Thursday, March 8, 2012

On data security and reliablity at data centers

Cloud storage is becoming very popular these days. Several companies are offering this service - Google cloud storage, iCloud by Apple, Ubuntuone, to name a few. These service providers essentially maintain and operate huge data centers. Although Google lists and gives information about around 10 data centers on their website , it is estimated (source, dates to 2008) that google has around 19 data centers in the US, around 12 in Europe, 3 in Asia, one each in Russia and South America. Managing massive amount of data has several challenges. We had a brief tour of the idea of data centers in our last class. We saw that apart from the challenges regarding handling servers and data, there are whole lot of issues like power systems, cooling systems etc.

The main aim of Data Centers is of course to host the data of the users reliably and securely.

Security Issues :
The users are concerned about the security of their data. Not only does the data need to be encrypted, but also lot of security measures have to be taken in order to ensure that
1. No unauthorized access is allowed physically.
2. Disposal of corrupted disks in a systematic and careful manner.
3. Avoid misuse of data by personnel within the data centers.
4. A reliable security system in place in case of emergency and so on.
This video shows the steps that google has taken in order to ensure data security.

Reliability Issues :
Failures can happen due to different reasons. Apart from possible disk errors, there could be physical damage due to wear and tear, fire, natural calamities etc. This gives rise to the need of distributed storage of data (store redundant data at different physical locations). Also, the system should immediately hand-off the user from data center with trouble to another data center with minimal possible disruption.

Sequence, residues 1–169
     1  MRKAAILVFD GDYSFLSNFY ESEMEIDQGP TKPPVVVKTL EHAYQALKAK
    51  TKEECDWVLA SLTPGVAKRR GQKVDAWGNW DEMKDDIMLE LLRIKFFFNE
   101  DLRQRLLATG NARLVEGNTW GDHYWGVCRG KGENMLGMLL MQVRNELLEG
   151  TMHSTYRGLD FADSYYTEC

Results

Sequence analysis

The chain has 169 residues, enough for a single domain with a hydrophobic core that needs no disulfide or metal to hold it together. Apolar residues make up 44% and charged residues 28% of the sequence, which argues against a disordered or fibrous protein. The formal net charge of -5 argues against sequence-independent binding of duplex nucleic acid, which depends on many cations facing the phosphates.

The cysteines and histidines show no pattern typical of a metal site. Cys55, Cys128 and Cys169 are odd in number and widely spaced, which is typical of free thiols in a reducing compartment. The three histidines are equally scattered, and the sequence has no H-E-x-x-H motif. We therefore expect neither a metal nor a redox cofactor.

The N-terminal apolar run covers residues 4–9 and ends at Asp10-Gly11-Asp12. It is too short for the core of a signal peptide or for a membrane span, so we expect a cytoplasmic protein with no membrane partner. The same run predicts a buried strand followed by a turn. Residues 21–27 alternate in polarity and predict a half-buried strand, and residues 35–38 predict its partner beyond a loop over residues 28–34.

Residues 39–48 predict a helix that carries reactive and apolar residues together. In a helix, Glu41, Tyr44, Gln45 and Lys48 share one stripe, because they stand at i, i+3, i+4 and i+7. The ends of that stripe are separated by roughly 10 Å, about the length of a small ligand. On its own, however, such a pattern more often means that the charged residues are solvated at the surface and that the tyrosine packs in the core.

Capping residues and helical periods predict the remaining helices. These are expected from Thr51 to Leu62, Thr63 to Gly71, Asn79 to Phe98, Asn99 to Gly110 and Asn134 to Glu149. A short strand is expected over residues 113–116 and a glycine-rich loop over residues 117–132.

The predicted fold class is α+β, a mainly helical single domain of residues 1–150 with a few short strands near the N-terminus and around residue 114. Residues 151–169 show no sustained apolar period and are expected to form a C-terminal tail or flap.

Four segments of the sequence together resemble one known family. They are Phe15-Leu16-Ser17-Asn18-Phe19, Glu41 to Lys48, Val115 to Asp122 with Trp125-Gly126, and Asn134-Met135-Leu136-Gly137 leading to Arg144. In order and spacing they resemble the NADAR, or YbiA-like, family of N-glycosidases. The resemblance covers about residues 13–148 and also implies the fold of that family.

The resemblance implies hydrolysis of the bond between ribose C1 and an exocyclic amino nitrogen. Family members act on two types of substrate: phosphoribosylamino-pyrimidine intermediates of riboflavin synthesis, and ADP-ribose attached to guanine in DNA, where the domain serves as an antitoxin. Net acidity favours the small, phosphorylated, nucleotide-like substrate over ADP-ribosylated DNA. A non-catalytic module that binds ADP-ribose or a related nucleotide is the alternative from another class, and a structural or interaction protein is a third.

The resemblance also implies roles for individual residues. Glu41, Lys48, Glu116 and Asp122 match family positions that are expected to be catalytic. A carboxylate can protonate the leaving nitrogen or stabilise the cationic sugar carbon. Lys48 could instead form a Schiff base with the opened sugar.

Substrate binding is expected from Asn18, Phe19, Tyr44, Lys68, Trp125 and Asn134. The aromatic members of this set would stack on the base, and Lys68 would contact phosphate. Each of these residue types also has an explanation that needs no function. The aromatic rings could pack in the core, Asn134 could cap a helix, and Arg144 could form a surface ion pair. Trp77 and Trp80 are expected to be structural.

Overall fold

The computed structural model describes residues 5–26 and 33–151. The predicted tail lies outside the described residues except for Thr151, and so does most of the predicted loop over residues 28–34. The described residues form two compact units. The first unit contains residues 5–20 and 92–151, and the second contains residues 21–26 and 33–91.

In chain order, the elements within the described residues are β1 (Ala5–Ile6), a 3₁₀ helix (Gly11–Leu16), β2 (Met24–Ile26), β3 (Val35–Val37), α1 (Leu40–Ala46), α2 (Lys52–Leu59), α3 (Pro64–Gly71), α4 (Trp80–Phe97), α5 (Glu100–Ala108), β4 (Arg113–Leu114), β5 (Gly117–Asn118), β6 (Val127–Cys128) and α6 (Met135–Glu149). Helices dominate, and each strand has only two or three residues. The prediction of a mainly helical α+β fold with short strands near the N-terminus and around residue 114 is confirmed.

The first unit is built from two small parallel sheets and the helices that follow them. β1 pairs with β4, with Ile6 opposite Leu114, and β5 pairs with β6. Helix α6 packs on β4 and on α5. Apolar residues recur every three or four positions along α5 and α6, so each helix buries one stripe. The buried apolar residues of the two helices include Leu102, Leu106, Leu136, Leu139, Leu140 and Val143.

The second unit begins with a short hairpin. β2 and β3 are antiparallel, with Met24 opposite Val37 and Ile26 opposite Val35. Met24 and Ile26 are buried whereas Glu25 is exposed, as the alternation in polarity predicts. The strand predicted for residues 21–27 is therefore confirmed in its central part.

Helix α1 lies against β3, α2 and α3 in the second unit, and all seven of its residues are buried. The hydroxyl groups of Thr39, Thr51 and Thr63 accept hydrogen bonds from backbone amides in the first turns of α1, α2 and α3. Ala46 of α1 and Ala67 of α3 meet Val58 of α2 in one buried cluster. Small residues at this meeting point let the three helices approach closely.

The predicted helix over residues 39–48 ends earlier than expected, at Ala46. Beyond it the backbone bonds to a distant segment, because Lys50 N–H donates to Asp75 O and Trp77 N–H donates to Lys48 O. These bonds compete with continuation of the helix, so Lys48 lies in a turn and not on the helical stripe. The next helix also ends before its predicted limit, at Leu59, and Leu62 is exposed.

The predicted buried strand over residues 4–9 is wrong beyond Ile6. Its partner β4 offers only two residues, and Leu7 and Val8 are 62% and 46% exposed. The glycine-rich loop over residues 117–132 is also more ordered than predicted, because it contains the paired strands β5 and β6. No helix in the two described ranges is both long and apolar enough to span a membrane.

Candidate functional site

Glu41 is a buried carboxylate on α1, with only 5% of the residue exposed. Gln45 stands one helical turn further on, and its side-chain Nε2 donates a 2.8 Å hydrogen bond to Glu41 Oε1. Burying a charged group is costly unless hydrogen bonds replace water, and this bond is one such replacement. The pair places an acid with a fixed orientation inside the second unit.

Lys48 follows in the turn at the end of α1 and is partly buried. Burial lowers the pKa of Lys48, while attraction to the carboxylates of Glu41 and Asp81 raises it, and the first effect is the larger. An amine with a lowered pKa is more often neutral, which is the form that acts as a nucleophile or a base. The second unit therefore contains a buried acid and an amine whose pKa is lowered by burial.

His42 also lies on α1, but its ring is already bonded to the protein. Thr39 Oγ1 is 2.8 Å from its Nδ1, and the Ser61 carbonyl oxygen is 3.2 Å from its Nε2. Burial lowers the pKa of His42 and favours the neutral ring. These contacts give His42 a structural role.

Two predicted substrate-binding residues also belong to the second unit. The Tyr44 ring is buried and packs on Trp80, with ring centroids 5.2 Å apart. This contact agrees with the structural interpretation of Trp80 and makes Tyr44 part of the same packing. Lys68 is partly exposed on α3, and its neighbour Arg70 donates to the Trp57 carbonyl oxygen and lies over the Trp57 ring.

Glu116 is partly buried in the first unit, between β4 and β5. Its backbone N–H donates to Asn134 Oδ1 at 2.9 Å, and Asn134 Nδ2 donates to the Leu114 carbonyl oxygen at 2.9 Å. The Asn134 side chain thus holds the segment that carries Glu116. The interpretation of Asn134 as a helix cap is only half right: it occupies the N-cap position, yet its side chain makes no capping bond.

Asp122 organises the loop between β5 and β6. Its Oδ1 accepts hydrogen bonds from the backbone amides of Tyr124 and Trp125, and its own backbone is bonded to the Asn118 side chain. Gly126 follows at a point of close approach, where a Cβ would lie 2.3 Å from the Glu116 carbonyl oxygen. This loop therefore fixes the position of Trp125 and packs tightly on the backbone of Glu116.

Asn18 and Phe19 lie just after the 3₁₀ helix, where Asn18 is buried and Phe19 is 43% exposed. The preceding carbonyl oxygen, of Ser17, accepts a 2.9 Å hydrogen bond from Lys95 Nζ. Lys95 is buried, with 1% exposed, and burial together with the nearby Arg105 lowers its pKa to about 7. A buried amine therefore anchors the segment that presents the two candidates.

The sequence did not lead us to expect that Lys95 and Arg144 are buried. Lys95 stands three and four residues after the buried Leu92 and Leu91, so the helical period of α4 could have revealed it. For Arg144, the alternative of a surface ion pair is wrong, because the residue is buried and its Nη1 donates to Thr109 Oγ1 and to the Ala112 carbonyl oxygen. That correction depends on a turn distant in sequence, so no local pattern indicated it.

When a node fails, the data will be reconstructed using the redundant sources. This involves downloading data from the other nodes holding the redundant copy. Given the fact that data size is massive, considerable amount of bandwidth is consumed. So, do we keep huge number of redundant copies of all data and download all the lost data? Can we do better? There is a lot of work done on distributed data storage which proposes a smarter way of storing and recovering data which can decrease the amount of data to be stored and the download bandwidth for reconstruction.

The main idea is to encode the data and store pieces of it in different nodes in a redundant manner. For eg. say 1 Peta byte of data encoded into n symbols and stored in M nodes. The coding is done in such a way that when a node fails, it needs to connect to only d < n nodes to reconstruct the data.
(For more details:,5&as_ylo=&as_vis=0 )

Google gives a really nice overview of different aspects of a data center here.

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